Footage © Tourisme Montréal
© Tourisme Montréal
May is a lovely month to be in Montreal. Not only does it feel like spring, it looks like the season too, with the second half of the month feeling almost summery, especially around noon.
Canadian currency is the Canadian dollar, which is divided into 100 cents. There are 5, 10, 20, 50 and 100 dollar bills. Smaller coins are 5, 10, and 25 cent pieces as well as of 1 and 2 dollars. Banking and credit cards are also welcome almost everywhere.
There are two official languages in Canada – English and French.
There are two applicable taxes in Québec: a federal Goods and Services Tax (GST) of 5% and a Québec provincial tax (TVQ) of 9.975%. A 3.5% accommodation tax is also in effect in Montréal.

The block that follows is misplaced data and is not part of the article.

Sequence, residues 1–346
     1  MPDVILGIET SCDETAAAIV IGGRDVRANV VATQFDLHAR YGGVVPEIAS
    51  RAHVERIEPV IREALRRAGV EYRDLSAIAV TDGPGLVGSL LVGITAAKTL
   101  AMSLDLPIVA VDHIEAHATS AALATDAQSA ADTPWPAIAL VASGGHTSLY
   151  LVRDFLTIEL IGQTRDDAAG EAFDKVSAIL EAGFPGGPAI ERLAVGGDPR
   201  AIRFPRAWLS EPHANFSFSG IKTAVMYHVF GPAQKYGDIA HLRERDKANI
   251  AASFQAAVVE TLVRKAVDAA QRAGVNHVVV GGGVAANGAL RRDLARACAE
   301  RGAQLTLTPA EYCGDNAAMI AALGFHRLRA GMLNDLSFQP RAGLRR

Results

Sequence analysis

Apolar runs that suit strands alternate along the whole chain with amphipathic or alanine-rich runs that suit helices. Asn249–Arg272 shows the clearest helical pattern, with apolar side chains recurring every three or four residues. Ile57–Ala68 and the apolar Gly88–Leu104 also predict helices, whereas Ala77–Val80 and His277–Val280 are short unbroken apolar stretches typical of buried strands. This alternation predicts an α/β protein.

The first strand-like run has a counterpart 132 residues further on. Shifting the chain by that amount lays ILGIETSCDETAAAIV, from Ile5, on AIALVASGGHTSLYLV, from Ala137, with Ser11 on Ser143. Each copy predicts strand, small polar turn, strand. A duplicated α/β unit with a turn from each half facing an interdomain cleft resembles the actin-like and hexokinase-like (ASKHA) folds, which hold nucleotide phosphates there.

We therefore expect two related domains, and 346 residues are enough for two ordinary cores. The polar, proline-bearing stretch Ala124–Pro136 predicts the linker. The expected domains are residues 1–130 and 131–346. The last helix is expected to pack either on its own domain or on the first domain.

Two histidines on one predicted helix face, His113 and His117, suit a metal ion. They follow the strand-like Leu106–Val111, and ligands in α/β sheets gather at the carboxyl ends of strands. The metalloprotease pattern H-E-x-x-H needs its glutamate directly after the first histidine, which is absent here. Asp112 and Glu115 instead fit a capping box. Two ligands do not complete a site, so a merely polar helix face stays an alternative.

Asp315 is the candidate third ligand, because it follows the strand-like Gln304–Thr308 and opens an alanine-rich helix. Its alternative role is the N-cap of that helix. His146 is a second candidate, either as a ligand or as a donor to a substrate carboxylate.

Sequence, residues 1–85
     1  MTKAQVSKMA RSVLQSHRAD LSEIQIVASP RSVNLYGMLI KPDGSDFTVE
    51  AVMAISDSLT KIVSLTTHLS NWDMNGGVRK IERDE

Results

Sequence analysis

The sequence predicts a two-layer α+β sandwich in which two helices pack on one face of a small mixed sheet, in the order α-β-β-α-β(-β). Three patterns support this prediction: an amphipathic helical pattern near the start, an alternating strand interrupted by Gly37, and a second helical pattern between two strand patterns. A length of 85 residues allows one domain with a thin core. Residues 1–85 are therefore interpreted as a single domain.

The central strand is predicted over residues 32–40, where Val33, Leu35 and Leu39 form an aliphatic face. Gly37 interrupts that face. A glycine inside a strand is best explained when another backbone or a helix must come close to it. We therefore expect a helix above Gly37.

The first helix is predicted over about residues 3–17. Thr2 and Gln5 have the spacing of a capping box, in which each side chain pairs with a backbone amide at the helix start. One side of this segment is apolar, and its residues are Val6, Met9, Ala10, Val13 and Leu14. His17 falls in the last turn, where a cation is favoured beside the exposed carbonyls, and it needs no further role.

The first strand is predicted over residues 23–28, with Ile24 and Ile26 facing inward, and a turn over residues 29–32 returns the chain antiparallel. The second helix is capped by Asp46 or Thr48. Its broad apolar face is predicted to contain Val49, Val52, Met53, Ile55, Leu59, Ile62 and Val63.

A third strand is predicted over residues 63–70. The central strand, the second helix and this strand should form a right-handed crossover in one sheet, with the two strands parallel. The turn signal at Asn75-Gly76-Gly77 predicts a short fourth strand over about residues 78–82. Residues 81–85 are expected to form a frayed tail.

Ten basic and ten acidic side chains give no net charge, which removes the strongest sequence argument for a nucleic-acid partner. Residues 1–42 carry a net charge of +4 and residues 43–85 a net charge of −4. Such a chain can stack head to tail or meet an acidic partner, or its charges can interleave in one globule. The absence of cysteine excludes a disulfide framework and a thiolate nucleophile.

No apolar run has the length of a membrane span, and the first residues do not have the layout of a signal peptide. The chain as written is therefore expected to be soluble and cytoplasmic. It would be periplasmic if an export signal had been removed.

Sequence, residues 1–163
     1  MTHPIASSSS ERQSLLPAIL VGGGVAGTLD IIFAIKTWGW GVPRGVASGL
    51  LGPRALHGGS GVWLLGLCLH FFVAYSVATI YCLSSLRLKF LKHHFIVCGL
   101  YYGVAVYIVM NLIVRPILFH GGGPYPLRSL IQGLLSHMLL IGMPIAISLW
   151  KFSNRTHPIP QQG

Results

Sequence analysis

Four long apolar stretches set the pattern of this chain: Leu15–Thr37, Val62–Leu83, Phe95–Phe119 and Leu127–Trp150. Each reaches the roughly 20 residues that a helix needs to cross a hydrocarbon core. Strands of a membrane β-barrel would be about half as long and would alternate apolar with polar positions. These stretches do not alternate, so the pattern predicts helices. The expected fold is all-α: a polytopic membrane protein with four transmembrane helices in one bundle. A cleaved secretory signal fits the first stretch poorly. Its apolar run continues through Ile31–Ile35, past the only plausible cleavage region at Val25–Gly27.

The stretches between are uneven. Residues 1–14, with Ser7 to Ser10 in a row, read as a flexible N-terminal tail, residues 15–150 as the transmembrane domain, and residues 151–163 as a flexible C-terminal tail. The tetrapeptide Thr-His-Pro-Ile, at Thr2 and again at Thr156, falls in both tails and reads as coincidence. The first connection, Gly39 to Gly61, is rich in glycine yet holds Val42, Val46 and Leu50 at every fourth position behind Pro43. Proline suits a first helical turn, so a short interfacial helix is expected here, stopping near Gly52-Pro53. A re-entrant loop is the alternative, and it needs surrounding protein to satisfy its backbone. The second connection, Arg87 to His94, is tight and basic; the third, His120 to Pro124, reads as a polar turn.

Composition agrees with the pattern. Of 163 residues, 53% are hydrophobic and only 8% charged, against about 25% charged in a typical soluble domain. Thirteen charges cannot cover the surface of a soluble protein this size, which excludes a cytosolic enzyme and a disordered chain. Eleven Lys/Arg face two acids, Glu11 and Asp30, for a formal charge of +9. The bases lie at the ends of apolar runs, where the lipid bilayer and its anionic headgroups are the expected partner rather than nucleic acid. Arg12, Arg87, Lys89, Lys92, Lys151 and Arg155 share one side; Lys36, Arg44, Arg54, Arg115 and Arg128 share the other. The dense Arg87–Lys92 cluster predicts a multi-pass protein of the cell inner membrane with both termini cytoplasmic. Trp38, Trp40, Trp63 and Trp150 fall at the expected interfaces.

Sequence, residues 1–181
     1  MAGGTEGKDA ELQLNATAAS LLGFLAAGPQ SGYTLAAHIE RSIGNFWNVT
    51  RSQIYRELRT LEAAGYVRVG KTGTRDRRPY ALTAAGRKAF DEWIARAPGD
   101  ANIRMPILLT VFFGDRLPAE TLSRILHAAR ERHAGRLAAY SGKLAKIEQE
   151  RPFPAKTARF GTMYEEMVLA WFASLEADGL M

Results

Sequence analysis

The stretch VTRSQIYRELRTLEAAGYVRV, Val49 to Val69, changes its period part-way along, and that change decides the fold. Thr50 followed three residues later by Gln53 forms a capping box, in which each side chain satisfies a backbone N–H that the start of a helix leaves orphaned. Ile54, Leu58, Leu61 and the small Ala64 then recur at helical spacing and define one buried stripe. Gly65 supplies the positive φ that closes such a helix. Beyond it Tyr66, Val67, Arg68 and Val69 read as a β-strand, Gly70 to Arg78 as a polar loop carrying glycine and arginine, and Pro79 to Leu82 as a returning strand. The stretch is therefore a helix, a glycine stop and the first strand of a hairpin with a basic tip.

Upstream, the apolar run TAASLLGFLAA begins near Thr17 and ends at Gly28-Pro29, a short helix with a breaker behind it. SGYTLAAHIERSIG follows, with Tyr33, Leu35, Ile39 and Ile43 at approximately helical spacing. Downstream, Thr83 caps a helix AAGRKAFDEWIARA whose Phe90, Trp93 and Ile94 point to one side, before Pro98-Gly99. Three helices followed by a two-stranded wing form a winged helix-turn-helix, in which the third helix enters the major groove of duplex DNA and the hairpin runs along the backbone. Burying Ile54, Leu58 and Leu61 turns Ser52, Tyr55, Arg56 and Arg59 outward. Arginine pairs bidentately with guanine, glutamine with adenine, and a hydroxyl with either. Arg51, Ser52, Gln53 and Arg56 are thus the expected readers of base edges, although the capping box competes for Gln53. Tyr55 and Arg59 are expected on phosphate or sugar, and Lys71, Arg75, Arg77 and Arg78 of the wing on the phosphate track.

It is customary to tip restaurant waiters, taxi drivers and hairdressers 15% of the bill, before taxes. Bellhops, porters, doormen, etc. generally receive at least $2 per suitcase or per service rendered. Coffee and food counters often have a tip cup next to the cash register; spare change is always appreciated.
In case of emergency: 911
Québec Poison Control Centre: 1 800 463-5060
Canada operates on 110V, 60 cycle electric power, which is the same as in the United States. Non-North American visitors should bring a plug adapter if they wish to use their own small appliances from home (razors, hair dryers, laptops etc.). If you are visiting from countries, such as Australia, that use a higher voltage, you may encounter problems charging your rechargeable batteries. Canadian electrical goods come with either a two-prong plug, which is the same as the US or a three-prong plug; most sockets accommodate both.
The city of Montreal has public health regulations that prevent smoking in public buildings, on public transit and in all restaurants and lounges.